Cramps are a common running and cycling injury, here’s how to avoid them
It’s not known exactly what triggers cramp, but it’s more likely to occur in tired muscles, so poor fitness or exercising at high workloads increases the likelihood.
What you consume has an effect, too. “Dehydration may contribute to cramp especially when fluid and sodium losses are high,” says Claire Lane, Applied Physiologist and Sports Nutritionist for Team Bath.
“Sodium is involved in initiating nerve signals that make muscles contract. A deficit of sodium and fluid may ‘irritate’ your muscles, causing them to contract uncontrollably.
“Magnesium may be relocated in the body during exercise rather than lost in sweat, so a magnesium imbalance in relation to sodium and potassium may be involved.”
Cramp – symptoms
- Sudden, intense pain in muscles, typically in the legs and feet
- Involuntary shortening of muscles contorting the body e.g. toes curling with foot cramp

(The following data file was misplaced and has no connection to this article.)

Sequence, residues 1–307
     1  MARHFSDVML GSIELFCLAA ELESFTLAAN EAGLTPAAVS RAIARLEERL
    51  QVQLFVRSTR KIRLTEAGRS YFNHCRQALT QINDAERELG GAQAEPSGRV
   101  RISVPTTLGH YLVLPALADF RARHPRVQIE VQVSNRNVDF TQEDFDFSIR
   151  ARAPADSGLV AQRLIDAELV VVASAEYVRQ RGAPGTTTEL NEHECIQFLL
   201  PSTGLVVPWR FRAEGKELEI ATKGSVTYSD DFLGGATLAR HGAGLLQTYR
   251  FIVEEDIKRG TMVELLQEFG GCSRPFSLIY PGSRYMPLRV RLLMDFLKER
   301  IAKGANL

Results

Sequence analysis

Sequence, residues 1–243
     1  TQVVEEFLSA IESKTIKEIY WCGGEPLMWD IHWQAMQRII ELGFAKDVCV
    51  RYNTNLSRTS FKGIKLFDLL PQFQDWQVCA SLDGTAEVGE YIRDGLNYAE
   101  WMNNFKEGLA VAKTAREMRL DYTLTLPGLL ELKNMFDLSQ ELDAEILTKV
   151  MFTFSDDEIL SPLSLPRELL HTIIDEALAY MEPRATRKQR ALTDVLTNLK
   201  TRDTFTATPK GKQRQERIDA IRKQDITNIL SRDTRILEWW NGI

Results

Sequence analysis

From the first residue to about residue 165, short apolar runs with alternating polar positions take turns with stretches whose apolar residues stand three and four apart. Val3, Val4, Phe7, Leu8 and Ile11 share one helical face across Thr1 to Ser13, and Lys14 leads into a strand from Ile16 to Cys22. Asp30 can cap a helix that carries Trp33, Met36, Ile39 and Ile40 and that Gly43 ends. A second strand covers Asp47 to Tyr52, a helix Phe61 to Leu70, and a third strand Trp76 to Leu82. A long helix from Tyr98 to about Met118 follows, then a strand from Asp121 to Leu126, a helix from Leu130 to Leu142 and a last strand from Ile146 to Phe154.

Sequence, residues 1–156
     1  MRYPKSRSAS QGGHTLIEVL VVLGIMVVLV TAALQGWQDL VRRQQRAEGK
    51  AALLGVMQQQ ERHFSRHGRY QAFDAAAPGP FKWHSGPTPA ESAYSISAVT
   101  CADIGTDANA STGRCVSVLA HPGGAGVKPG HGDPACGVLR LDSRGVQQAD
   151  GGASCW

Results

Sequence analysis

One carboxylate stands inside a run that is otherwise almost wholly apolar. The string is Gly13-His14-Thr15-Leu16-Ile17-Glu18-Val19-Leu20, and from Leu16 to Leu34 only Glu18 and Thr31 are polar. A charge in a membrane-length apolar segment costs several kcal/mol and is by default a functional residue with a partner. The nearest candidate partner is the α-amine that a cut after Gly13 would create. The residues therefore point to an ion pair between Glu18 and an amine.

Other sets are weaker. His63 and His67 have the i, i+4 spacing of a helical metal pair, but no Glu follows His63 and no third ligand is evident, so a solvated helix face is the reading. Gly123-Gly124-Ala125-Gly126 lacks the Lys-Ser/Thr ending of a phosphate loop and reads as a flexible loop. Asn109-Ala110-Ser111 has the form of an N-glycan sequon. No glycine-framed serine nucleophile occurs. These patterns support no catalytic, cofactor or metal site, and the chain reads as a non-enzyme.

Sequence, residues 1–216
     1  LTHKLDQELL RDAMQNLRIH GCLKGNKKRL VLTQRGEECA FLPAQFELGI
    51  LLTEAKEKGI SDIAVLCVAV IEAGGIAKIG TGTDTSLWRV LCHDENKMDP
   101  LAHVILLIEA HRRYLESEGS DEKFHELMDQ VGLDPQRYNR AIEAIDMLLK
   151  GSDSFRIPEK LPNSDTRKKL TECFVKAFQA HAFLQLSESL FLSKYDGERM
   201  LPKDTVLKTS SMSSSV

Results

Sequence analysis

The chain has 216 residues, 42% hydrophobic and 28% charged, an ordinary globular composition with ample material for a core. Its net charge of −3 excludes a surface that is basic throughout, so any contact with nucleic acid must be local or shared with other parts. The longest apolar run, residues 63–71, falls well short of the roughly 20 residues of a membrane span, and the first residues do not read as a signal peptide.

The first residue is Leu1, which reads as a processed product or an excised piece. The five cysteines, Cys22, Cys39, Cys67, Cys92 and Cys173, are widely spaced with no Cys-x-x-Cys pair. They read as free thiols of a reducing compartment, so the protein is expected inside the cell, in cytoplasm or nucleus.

FOUR STEPS TO AVOIDING CRAMP
- Stay hydrated during exercise. Isotonic sports drinks help to replace sodium lost in sweat. In hot weather, sodium intakes of around 0.25-0.7 grams per hour may be necessary – aim to sip 750ml of energy drinks with electrolytes per hour when you’re really sweating.
- Allow adequate recovery and rest for muscles after hard training sessions. Balance your training, so follow a high intensity session with an easy session, and try to avoid back-to-back hard sessions using the same muscle group.
- Increase strength and fitness. Stronger, fitter muscles are more resilient to cramp. Be cautious when changing speed or intensity, especially during the later stages of exercise as fatigued muscles take longer to adapt.
- Warm up to prepare muscles, warm down to start the repair process and stretch to keep your muscles loose and flexible. It’s important to spend 5-10 mins on each of these processes, especially for tougher sessions and races.